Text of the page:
What distinguishes this stage from higher levels is that there's no official recognition of usability, nor is there an approved budget allocated in advance. All usability activities are ad hoc and driven by user advocates who want a bit more data to improve the quality of the one thing they're working on at the moment.
Primitive as it is, skunkworks usability is effective. (The sidebar shows an example in which testing just two users increased the probability of picking the better of two designs from 50% to 76%.) Even tiny usability efforts can't help but create vast user-experience improvements in a company that hasn't done usability before. The old cliché of "low-hanging fruit" always holds true in such cases.
When moving from stage 2 to stage 3, you can rely on logic — and maybe a bit of flattery — to convince design team members that they're far too knowledgeable to represent average customers. In moving upward from stage 3, however, you have to rely on results.
When designs get a small usability injection, they get better — hopefully so much better that the results are clear to anybody. The only downside is that really great usability seems so obvious (after the fact) that management might not recognize how much work was required to simplify the design. To prevent being overlooked, save the initial design ideas, clumsy as they may seem, and show before/after comparisons to document the usability advances.
Stage 4: Dedicated Usability Budget
Maybe a manager who funded a bit of usability from the slush fund gets promoted to director with a bigger budget. Or maybe a big-shot VP decides to place higher priority on the usability aspects of product quality. Several scenarios can cause a company to invest more in usability. Typically, the primary cause is that some of stage 3's small, ad-hoc usability projects caught the eyes of the higher-ups and convinced them that the company will profit from improving the user experience.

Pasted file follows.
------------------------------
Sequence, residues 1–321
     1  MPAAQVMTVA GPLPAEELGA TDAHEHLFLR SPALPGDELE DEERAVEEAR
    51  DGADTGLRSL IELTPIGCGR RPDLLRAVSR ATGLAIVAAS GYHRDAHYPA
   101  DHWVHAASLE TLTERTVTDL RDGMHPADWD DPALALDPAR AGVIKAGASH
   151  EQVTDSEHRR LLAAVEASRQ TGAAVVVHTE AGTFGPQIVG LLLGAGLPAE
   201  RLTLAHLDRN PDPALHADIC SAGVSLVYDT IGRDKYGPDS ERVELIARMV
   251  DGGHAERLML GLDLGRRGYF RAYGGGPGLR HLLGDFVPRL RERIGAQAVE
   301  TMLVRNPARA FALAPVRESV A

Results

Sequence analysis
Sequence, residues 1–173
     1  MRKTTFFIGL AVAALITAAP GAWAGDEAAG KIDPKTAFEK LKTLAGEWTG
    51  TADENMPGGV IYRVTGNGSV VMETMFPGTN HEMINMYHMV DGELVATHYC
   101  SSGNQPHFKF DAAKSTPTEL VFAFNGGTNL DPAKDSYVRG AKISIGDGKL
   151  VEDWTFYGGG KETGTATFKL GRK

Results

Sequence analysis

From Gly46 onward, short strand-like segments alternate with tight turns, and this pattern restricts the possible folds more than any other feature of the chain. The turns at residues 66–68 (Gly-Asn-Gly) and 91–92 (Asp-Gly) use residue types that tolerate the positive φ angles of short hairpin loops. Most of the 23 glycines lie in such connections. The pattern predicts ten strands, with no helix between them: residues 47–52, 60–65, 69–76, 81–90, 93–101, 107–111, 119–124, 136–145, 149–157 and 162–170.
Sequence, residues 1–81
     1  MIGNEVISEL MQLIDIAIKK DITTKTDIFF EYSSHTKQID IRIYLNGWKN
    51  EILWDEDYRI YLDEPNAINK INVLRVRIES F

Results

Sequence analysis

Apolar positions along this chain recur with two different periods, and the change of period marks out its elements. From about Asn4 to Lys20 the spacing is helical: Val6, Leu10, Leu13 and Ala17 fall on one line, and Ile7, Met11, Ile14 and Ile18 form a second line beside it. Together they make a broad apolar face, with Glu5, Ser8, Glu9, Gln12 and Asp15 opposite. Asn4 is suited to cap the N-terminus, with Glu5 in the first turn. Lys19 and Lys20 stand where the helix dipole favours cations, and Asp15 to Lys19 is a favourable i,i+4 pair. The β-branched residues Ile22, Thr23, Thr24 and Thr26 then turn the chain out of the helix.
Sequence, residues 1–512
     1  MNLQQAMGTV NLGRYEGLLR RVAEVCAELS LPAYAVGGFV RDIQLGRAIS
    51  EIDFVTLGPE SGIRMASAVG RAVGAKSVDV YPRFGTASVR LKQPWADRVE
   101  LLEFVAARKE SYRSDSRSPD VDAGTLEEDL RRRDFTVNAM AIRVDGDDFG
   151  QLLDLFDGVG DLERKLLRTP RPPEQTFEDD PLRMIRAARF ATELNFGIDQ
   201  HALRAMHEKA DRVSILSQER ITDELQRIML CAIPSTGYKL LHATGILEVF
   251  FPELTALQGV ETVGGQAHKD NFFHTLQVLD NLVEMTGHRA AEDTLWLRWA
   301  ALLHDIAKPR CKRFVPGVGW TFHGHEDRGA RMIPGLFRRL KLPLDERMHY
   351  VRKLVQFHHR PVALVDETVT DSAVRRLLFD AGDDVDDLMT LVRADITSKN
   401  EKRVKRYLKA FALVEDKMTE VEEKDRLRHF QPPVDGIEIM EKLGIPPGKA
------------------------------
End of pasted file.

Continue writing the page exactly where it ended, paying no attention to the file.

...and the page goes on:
The big difference between stages 3 and 4 is a dedicated budget for usability. However small, the budget is set aside in advance, meaning that usability is planned for in the same way as other quality processes.
Depending on the company's size, the usability budget might cover only a percentage of a single employee's time or it might allow for a few full-time usability specialists. In either case, the usability staff is scattered around the company and doesn't use have any systematic processes in place. But at least they have usability in their job description and a pot of money for things like recruiting test users (which costs an average of $171 per user).
At this stage, the company mainly views usability as a magic potion that's sprinkled sparsely over a user interface to shine it up. The main usability method is user testing, which is invariably conducted late in the development process after the user interface has been at least partially implemented.
This is contrary to recommended best practices, which call for frequent and early testing, including the use of paper prototypes that teams can test without the sunk cost of a full-scale design implementation. The more work that goes into implementing a user interface, the less willing management will be to make the architectural changes that are typically needed after the design is first exposed to real users.
To move up from stage 4, even more proof of ROI is needed. Moving from stage 3 to stage 4, it's fairly easy to deliver credible results: you can't help but make dramatic improvements the first time you do a bit of usability on a project. And, with skunkworks funding, those advances come cheaply.
With a real budget, you need bigger improvements to justify increased usability investments. Because usability methods have astoundingly high ROI, those big improvements will come, but it will take some time. You need more than a couple of success stories. You need several fielded products with higher conversion rates, fewer calls to the support lines, better intranet productivity, or whatever business measure is salient for your company.
Collect results across your usability projects and eventually you'll have enough ammunition to make the business case for moving to stage 5: managed usability.
Stages 5–8: Next Column
At stage 4, the company has started getting serious about usability, but it still has far to go before it reaches ultimate maturity at stage 8. Although stage 4 is the halfway point numerically, progressing through the remaining stages usually takes much longer than moving through the first four.
In the follow-up column, I discuss why this is so and how your company can continue its ascent.